Thursday, August 27, 2020

Marguerite Frey - Denver's National Beauty

My dear friend Tom Merry offered me up a stack of state-related sheet music pieces, recently. While my own collection is a small fraction of my obsessive Colorado music archive (compared to the records), I've really enjoyed diving in to this much-neglected segment of the state's music history.

One of the pieces he generously gave me was a 1907 instrumental entitled "Marguerite The Beautiful," by Josephine Clement.

In case you couldn't tell by now, I love digging deep when it comes to these finds. Of course, I had to find out more about Denver's "Own National Beauty."

In 1906, The Chicago Tribune sponsored a national contest, to find the "most beautiful woman in America." The publishers invited newspapers, from 26 major U.S. cities, to hold their own state contests.  Knowing that pretty women might be too modest to enter, the paper encouraged friends and family to enter the young lady's photo.

Marguerite Frey's sister saw the contest ad, for a "sweet, unaffected American girl, the finest creature ever created," and secretly entered her sibling's photo in the local Denver post contest.

To her shock, Marguerite, an accountant at the Bankers Supply Company (formerly located at 2830 Blake) won the contest, and was named the "Most Beautiful Woman in Colorado."

But the blue-eyed blonde's fame wouldn't end there. As the winner of the state contest, Marguerite was instantly entered in a national contest, to be held in Chicago, to pick the most beautiful girl in America.

According to the French published Au Pays du Dollar (In the Land of the Dollar), by Raymond Gros and Francois Bournand (1907), which documented American culture of the era, and the contest:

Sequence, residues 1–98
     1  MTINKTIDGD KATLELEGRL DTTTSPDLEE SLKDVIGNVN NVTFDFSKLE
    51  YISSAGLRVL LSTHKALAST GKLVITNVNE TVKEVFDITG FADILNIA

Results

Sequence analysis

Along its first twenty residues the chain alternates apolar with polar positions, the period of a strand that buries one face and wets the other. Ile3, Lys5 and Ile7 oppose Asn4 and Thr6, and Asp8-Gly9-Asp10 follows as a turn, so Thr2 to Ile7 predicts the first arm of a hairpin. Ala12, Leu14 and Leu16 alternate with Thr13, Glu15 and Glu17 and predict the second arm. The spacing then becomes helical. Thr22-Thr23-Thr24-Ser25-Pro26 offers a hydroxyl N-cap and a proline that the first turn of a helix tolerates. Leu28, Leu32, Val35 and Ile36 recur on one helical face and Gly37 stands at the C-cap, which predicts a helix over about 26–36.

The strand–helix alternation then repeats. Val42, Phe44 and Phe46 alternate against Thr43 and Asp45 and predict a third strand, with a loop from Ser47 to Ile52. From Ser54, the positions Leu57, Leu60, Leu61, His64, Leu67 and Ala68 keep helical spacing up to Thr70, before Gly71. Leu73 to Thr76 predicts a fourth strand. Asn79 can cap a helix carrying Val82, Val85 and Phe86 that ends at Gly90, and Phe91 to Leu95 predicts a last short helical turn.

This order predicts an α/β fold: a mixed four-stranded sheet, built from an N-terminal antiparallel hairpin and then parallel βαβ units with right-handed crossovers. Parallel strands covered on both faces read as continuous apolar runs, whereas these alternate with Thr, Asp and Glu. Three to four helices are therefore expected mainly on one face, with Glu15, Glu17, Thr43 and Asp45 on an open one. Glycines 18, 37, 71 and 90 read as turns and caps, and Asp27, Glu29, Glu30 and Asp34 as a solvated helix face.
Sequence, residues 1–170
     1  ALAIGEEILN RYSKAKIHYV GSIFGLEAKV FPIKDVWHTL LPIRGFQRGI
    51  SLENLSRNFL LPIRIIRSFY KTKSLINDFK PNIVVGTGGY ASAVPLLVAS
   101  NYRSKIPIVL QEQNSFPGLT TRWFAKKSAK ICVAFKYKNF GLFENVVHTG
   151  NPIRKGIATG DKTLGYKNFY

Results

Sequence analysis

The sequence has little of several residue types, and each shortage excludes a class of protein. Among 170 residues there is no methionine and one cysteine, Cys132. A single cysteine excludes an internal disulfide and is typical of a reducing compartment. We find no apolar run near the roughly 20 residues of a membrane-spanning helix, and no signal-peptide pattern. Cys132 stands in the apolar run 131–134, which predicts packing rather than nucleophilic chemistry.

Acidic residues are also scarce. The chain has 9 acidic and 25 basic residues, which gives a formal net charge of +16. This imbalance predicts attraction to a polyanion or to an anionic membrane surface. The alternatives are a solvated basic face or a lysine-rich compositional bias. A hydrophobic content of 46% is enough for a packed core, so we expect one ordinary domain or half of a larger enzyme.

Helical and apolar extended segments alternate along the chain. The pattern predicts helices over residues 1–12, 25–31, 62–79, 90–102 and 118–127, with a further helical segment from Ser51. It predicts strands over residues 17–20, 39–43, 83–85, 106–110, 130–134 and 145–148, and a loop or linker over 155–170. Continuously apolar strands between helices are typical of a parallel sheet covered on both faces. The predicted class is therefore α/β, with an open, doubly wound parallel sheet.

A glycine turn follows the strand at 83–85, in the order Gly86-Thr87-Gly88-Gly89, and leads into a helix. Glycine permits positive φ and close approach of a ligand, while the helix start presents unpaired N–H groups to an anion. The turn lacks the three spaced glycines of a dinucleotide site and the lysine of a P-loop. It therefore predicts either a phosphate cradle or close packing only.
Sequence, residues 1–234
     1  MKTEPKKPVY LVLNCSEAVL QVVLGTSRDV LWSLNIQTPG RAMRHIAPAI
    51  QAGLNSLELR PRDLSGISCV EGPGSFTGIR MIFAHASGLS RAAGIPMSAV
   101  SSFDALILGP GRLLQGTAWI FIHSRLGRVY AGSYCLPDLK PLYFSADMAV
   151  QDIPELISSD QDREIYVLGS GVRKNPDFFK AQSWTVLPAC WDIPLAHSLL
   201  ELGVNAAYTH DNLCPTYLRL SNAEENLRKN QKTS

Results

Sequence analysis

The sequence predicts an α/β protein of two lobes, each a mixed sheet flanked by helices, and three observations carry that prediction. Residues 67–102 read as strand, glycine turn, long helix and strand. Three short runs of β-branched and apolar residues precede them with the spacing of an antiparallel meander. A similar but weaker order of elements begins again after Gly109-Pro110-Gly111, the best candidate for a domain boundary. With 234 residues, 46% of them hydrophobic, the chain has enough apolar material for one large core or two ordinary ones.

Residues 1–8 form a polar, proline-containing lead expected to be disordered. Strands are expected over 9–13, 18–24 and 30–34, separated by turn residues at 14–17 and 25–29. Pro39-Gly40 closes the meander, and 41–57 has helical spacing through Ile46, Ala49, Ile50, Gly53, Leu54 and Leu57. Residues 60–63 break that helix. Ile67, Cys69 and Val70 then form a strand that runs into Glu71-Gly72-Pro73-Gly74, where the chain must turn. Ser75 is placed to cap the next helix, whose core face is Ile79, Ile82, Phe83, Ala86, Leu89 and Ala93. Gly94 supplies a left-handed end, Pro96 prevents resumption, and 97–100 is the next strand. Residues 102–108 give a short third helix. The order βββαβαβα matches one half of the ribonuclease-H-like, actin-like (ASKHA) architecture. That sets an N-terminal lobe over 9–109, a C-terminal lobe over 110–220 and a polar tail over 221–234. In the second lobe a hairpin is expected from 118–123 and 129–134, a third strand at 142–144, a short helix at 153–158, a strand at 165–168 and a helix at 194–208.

"Marguerite Frey was a 19 year old, blue eyed blonde, working for $8 a week at The Banker's Supply Co.. She stood 5' 8 1/2" tall, weighed 135 lbs. and had a 36" bust. She likes music, a clear moon, red and white roses, little white cats, chocolate cream, and theatre matinees. She dislikes cruelty, envy, snakes, gossip, and under-cooked meat.  Her ideal pleasure would be a large bouquet of violets, a box of cream chocolates, a boat ride on a lake, with the moon reflecting in the waters, and a young handsome man rowing."

The book went on to document:   
Her greatest ambition: to be a good girl. 
Her greatest hope: to earn his good fortune. 
Her greatest fear: an unhappy marriage. 
Her dearest friend: her mother. 
The one she loves the most: her sister.

According to the authors, Marguerite "saw the other candidates, and thought she couldn't win, but she still got a trip to Chicago out of the experience."

On July 7, 1906, Marguerite Frey, the accountant from Denver, was named "The Most Beautiful Girl in America." 

The Denver Post posted a large two-page spread on her national celebrity - and a full-page color picture, on its front page.


 The book notes that, according to the judges, Marguerite won because she had "a perfect profile, perfect pink and white skin, large tender blue eyes, beautiful, thick curvy light golden hair, perfect white teeth, and purity of expression."

First runner-up was awarded to 23-year-old Gabriella Worsley, from Union Grove, Wisconsin. Second runner-up went to 22-year-old Eola Rice, from Washington state.

National publicity soon followed, as reporters came to Denver to find out more about her. The Au Pays du Dollar notes: "Marguerite Frey, the most beautiful woman in America, and perhaps from all over the world, remains in a modest small house on a quiet street in the fashionable district of Denver. She lives there with her widowed mother and sisters. The father was a hard worker who saved and bought this little house for his family. He died shortly after. Marguerite, in her older sister's opinion, should receive a good education and she graduated from the Normal School. Then she entered as an accountant at Bankers Supply Company. She had to work to help her mother."

As Marguerite's fame grew, so did the creative tributes to her celebrity. Along with the sheet music, I found several postcards produced (click on each to enlarge).

(Note the "$100,000 in advertising was spent in finding her")


On October 27, 1908, She would marry Wilson McClaire Armour (1882-1940). The one-time "Most Beautiful Woman in the United States" would pass away on April 7, 1961, at the age of 72. She is buried at Fairmount Cemetery, Denver.


  1. WOW! What a fun story! I have had (and may still have somewhere) two of the cards you have pictured here. I love how you dig up all this info! And you are such a gifted writer!! Thank you for sharing.